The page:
By Denis Dyomkin
SOCHI, Russia (Reuters) - Russia and Japan sparred on Saturday over disputed islands that have strained their relations since World War Two, making no visible progress in talks toward a resolution weeks before Russia hosts a summit of Asian states.
Japan wants Russia to hand over four islands at the southern end of the Kuril chain that were occupied by Soviet forces at the end of the war in 1945, saying they are Japanese territory.
Moscow disagrees, and senior Russian officials have drawn protests from Japan in the past two years by traveling to the Pacific islands, which Russia calls the Southern Kurils and Japan calls the Northern Territories.
Tension over the issue was palpable beneath the diplomatic language at a joint news conference following talks between Russian Foreign Minister Sergei Lavrov and his Japanese counterpart, Koichiro Gemba, who was also to meet President Vladimir Putin in the Black Sea resort of Sochi.
"It is very sad that 67 years after (World War Two) the territorial issue is still not resolved," Gemba said, speaking through an interpreter.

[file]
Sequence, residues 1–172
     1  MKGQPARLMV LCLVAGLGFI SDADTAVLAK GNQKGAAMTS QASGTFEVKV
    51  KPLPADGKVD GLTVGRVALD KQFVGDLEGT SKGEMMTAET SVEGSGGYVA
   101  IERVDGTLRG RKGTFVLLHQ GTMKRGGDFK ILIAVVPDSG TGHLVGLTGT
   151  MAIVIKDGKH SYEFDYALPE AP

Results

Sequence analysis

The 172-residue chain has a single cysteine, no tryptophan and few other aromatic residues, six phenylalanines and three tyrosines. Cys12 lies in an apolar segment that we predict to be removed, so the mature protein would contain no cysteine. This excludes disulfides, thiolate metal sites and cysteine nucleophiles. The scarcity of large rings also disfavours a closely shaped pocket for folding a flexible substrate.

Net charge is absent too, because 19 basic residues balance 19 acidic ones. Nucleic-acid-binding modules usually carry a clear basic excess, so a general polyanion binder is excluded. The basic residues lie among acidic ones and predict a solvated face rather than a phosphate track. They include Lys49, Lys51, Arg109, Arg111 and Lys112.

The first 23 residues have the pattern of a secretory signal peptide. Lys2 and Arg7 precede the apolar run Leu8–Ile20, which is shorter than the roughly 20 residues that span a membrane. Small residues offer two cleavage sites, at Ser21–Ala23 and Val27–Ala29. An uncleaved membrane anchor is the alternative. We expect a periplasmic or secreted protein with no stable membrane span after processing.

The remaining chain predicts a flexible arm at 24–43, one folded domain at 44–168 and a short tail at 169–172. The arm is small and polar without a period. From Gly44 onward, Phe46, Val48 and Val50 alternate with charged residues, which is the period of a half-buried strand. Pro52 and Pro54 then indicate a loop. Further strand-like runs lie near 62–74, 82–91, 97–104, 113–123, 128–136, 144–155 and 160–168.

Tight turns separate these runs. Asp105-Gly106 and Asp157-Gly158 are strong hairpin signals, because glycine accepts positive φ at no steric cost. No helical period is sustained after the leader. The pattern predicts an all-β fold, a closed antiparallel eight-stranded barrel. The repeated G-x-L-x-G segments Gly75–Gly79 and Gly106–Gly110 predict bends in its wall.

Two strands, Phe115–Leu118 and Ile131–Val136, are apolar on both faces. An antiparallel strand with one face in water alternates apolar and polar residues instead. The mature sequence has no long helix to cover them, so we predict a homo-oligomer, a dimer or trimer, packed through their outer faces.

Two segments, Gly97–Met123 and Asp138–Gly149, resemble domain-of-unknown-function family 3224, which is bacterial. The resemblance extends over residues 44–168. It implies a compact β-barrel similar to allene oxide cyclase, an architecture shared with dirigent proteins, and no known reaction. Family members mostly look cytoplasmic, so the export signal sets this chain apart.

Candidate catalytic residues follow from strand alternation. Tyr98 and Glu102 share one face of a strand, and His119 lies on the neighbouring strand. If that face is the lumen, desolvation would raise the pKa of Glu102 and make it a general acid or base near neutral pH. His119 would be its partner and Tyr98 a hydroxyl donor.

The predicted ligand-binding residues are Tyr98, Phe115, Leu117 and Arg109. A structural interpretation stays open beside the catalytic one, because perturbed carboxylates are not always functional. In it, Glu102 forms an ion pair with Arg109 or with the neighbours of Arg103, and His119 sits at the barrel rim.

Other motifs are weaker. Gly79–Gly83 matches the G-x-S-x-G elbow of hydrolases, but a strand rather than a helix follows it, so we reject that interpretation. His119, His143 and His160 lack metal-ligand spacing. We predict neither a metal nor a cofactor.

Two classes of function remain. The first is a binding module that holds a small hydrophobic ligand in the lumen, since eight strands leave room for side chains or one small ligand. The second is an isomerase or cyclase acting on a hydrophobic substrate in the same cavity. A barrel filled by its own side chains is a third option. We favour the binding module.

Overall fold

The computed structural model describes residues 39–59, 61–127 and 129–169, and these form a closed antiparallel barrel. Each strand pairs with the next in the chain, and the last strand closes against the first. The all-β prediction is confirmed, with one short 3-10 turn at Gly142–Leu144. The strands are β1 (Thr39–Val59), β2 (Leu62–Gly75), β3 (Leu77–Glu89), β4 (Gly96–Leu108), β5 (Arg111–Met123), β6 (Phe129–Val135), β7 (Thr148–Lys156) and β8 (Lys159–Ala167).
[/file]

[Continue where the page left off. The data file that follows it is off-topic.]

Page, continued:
"I believe that amid conditions of serious changes in the strategic situation in the Asia-Pacific region, the need to resolve this problem is becoming greater and greater," he said in an apparent reference to China's growing might.
Lavrov rejected Japanese criticism of trips by officials including Dmitry Medvedev, who made the first visit to the islands by a Russian president in 2010 and traveled there again on July 3, this time as prime minister.
"We cannot accept the protests that have been heard from Tokyo about this," Lavrov said. "Russian authorities are responsible for improving the socioeconomic situation in this part of the Russian Federation and we will continue to do this."
Russia has dedicated new funds and political attention to the country's vast but sparsely populated Far East in advance of an Asia Pacific Economic Cooperation (APEC) summit in the coastal city of Vladivostok in September.
Lavrov said dialogue on the dispute should be held "in a calm atmosphere without whipping up emotions and without artificial historical interpretations."
Gemba said he had conveyed Japan's regret over Medvedev's trip to Kunashir, one of the islands, which lies 15 km (10 miles) off the Japanese island of Hokkaido.
(Writing by Steve Gutterman; Editing by Angus MacSwan)